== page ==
What with my clock radio and my Pommery and so on, it struck me. The difficulty in learning about great music is that, as with wine, one starts from nothing. I couldn't find middle C on a piano to save my life, I don't understand what great singers or players are doing with their trills and "arpeggios," and I certainly don't know what any long-dead composer wanted them to do with a key or scale or anything else. Earlier eras must have been wise to lay it down that music be a part of everyone's education, not only music appreciation but playing and singing too. Surely knowing how to pick out a simplified version of Laudate Dominum even on a hurdy-gurdy would help in understanding "what Mozart was trying to do." Certainly I can't tell who, in all the YouTube videos, is sublime and who is very very good.

As with wine: we start from nothing. Rieslings might be red or Pinot Noir a brand name. You can't tell what, in any bottle, is sublime and what is very very good. This matters because it's all very well for a more knowledgeable person in either field to say "how marvelous, isn't the homework fun, what a world of delight opens up before you," etc. etc., but that is not the same thing as knowing what on earth you are about now. Ever since starting my wine career in a little suburban shop, I have noticed how anxious novices are to be perceived as instinctively liking the best. They also want to be perceived as instinctively recoiling from flaws and humbug or even good yeoman product. As with wine, so, I suspect, with music. The middle-aged novice especially has so much ground to make up.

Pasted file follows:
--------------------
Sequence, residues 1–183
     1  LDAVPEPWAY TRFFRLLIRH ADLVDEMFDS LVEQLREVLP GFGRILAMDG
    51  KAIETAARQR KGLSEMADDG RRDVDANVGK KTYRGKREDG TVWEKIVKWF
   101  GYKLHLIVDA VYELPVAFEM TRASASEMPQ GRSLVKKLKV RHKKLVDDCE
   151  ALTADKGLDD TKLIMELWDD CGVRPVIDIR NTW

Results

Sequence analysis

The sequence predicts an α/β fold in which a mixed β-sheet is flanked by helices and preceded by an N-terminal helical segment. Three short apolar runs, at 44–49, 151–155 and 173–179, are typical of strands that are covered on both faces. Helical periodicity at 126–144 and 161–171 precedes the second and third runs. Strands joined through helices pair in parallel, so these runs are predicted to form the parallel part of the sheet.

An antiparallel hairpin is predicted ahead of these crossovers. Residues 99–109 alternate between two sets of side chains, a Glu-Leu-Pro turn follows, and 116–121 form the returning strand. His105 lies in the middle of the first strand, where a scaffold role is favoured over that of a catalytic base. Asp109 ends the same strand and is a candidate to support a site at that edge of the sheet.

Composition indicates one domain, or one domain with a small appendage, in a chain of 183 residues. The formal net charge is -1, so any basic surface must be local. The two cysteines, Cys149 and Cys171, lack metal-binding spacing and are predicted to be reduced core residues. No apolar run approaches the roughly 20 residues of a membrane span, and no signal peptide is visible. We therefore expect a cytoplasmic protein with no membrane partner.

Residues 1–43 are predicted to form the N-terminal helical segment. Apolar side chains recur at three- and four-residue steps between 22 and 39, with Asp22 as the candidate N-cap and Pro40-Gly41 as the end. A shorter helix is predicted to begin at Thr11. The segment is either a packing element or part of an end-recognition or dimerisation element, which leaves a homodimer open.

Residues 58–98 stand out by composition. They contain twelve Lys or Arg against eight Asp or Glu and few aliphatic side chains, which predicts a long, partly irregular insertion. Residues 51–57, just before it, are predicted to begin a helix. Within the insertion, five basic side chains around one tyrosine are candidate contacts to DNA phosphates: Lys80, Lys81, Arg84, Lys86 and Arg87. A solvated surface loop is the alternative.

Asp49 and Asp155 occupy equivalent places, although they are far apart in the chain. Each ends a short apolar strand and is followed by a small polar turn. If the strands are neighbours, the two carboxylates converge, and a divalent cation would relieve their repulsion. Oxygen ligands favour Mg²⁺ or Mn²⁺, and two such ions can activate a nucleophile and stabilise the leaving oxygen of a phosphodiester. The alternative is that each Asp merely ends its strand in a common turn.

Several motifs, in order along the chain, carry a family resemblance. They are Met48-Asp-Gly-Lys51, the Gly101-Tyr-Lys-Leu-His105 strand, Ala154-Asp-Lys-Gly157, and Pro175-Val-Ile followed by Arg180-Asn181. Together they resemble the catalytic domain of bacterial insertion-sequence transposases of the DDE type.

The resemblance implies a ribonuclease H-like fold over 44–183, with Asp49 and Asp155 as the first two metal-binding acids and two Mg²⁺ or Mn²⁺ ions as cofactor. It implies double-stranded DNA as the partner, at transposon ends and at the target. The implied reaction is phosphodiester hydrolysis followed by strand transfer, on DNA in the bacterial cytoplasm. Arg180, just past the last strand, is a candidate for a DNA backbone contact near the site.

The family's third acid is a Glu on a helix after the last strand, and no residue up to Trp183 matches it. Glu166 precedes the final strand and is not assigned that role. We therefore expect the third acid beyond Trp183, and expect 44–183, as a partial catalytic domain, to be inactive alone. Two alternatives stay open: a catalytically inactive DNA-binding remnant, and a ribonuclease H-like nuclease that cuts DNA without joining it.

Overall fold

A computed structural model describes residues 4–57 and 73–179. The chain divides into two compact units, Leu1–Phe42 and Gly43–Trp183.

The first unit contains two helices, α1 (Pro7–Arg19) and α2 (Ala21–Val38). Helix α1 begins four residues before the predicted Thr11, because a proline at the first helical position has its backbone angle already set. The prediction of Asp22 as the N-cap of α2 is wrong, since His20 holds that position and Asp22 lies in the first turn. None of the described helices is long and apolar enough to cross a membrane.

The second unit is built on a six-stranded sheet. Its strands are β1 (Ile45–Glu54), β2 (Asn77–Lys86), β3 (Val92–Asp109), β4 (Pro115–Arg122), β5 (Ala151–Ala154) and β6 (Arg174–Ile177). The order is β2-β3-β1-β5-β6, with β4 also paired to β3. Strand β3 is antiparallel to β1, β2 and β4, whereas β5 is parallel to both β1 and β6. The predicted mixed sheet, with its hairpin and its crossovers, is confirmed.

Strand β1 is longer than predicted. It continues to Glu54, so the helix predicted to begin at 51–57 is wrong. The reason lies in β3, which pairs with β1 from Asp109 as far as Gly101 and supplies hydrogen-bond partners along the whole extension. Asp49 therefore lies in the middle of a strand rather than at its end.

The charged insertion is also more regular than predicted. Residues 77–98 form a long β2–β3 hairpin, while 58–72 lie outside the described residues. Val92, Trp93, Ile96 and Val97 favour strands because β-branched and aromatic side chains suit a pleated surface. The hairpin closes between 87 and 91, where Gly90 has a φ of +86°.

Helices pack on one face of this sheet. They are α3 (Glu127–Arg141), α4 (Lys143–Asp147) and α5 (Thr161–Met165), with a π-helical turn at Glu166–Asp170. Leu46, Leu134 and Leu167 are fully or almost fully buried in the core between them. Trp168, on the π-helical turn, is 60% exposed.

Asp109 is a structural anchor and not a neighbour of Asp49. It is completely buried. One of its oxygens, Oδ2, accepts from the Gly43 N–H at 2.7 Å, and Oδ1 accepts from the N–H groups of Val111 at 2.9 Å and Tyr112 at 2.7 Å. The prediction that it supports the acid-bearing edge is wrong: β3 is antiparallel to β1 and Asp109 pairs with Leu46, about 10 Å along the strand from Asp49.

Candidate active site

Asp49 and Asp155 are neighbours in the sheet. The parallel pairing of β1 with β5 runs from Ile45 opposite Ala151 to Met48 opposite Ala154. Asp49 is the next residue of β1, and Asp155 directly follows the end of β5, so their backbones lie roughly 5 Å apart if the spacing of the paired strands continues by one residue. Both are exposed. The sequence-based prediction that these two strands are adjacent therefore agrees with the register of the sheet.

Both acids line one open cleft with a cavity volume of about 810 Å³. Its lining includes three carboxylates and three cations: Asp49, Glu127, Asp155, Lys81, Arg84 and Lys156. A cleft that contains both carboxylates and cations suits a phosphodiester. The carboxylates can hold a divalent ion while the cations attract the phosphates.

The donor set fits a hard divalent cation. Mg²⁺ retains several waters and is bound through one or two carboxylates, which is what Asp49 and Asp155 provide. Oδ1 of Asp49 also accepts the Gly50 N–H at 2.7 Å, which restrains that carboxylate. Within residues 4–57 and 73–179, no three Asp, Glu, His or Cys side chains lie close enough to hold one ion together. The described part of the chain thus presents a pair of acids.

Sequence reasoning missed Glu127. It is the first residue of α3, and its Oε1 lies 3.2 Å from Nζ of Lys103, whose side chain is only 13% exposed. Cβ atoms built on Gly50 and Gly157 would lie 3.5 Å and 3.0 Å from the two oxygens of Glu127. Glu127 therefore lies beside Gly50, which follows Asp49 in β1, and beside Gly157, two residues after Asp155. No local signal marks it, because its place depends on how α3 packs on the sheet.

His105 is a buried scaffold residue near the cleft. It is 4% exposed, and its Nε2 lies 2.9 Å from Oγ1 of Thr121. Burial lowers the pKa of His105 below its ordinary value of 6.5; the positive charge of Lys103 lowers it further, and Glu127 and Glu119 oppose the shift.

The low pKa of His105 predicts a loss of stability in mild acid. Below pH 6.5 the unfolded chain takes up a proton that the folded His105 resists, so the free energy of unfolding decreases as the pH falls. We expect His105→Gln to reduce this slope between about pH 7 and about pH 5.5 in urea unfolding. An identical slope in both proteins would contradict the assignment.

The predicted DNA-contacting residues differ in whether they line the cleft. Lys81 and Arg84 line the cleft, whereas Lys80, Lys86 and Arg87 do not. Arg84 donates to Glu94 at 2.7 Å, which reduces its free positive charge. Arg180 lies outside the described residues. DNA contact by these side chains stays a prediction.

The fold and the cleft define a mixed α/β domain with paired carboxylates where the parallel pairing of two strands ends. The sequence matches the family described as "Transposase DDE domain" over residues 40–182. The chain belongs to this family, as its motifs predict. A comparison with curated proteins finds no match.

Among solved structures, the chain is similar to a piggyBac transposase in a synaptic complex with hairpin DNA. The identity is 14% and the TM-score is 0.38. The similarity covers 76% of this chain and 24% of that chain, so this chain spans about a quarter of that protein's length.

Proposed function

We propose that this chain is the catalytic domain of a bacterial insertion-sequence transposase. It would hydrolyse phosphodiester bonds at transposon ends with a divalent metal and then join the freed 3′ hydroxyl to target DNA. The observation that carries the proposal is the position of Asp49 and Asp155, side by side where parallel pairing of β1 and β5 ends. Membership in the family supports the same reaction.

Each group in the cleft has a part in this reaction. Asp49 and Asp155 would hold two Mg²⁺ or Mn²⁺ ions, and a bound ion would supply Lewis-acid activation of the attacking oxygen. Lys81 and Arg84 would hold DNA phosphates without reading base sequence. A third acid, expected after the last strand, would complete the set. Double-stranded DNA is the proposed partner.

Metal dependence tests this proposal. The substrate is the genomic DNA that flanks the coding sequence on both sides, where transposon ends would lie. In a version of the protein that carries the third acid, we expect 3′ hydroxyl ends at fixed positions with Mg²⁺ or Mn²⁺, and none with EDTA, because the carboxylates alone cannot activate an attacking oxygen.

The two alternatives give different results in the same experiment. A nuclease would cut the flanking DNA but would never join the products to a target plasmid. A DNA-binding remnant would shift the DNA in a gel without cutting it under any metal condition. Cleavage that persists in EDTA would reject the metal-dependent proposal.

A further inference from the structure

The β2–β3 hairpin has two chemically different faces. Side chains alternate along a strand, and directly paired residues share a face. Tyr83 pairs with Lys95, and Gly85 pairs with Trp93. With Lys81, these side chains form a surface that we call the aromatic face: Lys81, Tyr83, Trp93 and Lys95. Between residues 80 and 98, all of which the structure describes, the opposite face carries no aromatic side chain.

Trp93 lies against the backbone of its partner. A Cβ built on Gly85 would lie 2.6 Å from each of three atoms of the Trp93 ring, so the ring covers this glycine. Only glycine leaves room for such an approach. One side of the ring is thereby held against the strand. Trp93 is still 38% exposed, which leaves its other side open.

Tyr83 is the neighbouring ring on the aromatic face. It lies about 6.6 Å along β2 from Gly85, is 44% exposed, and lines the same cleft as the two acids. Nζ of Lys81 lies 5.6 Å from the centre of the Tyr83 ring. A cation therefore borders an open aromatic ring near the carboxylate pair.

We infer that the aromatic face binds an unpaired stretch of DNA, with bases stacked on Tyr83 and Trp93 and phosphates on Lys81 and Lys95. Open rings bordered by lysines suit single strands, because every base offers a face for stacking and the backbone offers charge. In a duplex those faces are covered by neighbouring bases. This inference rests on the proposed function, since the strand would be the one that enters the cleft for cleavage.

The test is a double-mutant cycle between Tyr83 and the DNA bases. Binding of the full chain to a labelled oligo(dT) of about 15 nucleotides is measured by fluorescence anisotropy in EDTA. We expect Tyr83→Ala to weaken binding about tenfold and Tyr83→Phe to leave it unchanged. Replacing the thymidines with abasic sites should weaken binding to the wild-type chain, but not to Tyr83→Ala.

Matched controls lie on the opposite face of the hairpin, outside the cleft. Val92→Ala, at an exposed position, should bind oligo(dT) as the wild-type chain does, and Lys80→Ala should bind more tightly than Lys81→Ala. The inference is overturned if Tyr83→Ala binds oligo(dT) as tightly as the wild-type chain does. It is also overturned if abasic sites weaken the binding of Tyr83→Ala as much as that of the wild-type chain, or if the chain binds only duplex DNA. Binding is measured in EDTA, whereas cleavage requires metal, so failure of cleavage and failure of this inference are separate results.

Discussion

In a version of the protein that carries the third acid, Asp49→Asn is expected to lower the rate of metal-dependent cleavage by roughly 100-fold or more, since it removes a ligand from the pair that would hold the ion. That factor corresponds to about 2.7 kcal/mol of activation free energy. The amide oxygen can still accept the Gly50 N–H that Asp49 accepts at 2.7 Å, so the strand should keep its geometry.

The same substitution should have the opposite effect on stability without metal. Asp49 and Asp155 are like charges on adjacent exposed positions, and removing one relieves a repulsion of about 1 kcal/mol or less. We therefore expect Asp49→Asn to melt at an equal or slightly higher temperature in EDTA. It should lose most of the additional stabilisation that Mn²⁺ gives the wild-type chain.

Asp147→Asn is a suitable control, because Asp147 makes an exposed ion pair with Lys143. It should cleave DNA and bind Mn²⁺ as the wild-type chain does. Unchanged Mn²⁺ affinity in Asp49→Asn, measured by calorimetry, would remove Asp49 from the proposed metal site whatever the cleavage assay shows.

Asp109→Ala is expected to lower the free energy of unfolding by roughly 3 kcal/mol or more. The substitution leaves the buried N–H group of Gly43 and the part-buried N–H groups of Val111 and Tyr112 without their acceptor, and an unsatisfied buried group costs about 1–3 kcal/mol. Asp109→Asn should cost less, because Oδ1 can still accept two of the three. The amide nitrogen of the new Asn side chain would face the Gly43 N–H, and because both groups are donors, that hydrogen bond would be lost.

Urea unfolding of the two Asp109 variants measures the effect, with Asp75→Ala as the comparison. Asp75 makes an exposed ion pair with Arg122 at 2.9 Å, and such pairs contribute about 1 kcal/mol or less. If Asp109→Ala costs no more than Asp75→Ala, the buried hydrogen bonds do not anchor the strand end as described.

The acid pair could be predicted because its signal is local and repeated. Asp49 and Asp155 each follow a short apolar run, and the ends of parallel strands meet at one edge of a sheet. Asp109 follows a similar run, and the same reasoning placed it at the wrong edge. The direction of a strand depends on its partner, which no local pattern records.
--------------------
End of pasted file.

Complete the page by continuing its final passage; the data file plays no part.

There is nothing for it, of course, but to carry on listening and learning, just as there is nothing for it but to carry on drinking. (You know what I mean.) Upon being introduced to both pleasures, one finds they speedily become necessities. So now if you have three minutes to spare, do go to YouTube and savor, for example, the English horn solo from Act III of Richard Wagner's Tristan und Isolde. This is what Lucia is talking about in E. F. Benson's The Worshipful Lucia when she says, "it's like the last act of Tristan, when the shepherd boy goes on playing the cor anglais forever and ever." Type in "Tristan cor anglais" on YouTube's search bar and you will find half a dozen performances to choose from.